The Princes of Gwynedd
The rulership of the Princes of Gwynedd was cut short by Edward, but there are still many sites in Snowdonia today with connections to their dynasty, which can be traced back to ancient times and which, at one point, ruled much of Wales.
Although the 800 years that the Princes of Gwynedd ruled the land were often bloody, with wars not just against the English but also among themselves, the princes still found time to forge strong cultural and religious links with other parts of mainland Europe, and were even patrons of music, poetry and architecture.
The lives of the Princes of Gwynedd can be imagined today by visiting the ruins of their castles – like Criccieth Castle, Castell Dolbadarn and Castell y Bere – and even at Bangor Cathedral, where 12th century building work was financed by Gruffudd ap Cynan, a prince of Gwynedd who is buried beside the high altar with his sons Cadwaldr and Owain Gwynedd.
The aforementioned Bangor Cathedral is the oldest cathedral foundation in all of Britain. Its origins are firmly in the ‘Age of Saints’; it was founded in 525 by Deiniol, a nobleman who was granted the land to establish a monastery by Maelgwn Hir, king of Gwynedd at that time.
There are many sites in Snowdonia that originate in this period of history; the church of St Beuno in Clynnog Fawr – an important stop along the old Pilgrim’s Way – is one of them. Beuno is credited with several miracles and the nearby spring, Beuno’s Well, is said to have appeared after he performed one of these miracles.
Speaking of the Pilgrim’s Way, perhaps the most important sacred place in Snowdonia is the little island of Bardsey, off the tip of the Llyn Peninsula. It is said that here lie the bodies of 20,000 saints, and three pilgrimages to the island were said to equal one to Rome.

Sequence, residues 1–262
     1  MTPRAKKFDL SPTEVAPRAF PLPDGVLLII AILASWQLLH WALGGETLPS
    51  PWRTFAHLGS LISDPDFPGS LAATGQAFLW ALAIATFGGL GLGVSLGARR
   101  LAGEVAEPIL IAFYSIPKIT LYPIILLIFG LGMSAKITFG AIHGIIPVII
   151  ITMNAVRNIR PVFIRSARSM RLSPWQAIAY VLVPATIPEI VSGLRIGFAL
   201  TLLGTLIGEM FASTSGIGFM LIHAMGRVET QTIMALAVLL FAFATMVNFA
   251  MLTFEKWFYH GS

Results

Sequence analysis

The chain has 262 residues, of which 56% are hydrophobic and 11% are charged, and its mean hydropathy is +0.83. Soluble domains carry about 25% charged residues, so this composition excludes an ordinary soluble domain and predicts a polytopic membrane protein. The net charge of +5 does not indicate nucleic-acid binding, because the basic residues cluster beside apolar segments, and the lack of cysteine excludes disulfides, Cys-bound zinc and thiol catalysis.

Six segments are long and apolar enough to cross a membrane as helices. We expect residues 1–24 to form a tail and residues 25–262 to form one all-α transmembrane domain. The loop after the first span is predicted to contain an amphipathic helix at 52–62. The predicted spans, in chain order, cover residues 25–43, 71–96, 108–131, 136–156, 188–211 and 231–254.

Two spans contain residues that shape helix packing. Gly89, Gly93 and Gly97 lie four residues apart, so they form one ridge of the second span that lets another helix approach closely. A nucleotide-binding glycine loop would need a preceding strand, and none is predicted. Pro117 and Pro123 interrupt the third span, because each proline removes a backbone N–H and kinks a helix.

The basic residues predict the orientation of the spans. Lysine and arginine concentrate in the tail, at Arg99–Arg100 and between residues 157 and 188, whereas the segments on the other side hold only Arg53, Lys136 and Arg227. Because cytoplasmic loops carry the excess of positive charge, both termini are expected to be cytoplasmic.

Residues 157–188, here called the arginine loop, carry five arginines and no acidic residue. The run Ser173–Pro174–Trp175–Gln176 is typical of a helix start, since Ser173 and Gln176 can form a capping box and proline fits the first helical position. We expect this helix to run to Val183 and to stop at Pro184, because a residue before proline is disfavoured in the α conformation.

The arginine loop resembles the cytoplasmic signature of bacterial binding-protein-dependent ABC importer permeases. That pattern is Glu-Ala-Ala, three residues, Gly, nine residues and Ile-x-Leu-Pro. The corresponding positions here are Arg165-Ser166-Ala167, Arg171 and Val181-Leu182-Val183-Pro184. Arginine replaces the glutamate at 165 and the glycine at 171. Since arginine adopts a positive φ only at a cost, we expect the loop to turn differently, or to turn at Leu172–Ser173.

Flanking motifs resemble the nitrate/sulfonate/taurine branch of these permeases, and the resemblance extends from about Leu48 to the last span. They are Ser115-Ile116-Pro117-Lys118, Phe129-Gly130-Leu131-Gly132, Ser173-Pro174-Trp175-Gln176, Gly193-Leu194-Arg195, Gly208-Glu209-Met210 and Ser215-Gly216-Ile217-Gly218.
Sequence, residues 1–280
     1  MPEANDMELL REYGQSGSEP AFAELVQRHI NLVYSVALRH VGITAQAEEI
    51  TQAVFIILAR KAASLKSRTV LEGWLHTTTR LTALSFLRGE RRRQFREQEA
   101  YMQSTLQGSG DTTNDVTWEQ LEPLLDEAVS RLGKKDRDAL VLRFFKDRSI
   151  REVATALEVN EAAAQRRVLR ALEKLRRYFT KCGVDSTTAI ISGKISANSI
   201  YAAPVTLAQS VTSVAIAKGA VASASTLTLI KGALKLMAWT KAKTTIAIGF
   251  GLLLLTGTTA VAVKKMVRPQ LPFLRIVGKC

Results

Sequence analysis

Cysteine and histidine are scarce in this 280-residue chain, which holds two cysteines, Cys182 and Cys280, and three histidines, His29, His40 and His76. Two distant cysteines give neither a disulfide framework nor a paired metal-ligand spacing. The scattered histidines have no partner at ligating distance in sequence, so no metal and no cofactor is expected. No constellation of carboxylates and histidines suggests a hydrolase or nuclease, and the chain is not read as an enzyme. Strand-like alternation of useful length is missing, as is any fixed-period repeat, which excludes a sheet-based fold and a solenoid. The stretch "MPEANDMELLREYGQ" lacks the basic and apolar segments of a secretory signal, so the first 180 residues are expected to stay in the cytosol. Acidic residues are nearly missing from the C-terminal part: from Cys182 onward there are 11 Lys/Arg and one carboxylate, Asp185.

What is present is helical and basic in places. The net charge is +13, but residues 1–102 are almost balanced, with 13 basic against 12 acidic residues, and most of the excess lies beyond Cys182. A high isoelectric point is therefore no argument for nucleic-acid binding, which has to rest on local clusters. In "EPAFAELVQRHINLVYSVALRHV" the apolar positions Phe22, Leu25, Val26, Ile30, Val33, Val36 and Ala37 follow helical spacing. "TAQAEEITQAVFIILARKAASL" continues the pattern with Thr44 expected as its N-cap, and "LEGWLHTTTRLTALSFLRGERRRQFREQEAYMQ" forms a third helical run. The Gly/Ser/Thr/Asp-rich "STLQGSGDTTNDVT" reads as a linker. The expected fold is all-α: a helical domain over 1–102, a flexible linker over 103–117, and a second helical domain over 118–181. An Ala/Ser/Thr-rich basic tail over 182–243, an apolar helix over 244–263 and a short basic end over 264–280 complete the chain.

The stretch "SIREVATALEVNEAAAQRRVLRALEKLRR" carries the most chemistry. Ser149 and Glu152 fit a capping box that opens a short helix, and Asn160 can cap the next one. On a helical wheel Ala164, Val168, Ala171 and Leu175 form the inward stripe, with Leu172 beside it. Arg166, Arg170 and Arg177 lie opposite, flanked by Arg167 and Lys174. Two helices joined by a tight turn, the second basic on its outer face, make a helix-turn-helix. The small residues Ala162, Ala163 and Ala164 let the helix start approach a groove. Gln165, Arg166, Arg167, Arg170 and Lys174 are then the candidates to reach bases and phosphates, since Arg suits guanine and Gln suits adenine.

The final theme of the Our Heritage project is Snowdonia’s industrial history.
From the ancient industries like copper mining at Sygun Copper Mine to the ultra-modern hydro-electric power station at Electric Mountain, Snowdonia is teeming with fascinating industrial heritage sites.
As you’d expect, given Snowdonia’s ancient landscape, the quarrying of slate plays a massive role in the area’s industrial history – and many of the region’s industrial heritage attractions are testament to this. The National Slate Museum in Llanberis is a good place to start, as here you’ll discover just what life as a quarryman was like. Similarly, Llechwedd Slate Caverns in Blaenau Ffestiniog offer a fascinating insight, though at this attraction your guide for part of the tour will be the ‘ghost’ of a twelve year old miner who worked at the quarry in Victorian times.
And let’s not forget how the slate was transported from the quarries… some of Snowdonia’s most popular heritage attractions are the steam railways, which once ferried slate all over the region and out into the rest of the world. These days, the trains ferry people, not slate, and are much loved by all who travel in them.
If you have any interest at all in history, take a dive into the past next time you visit Snowdonia by exploring some of its fascinating heritage attractions; it’s a great way to have fun while learning something new!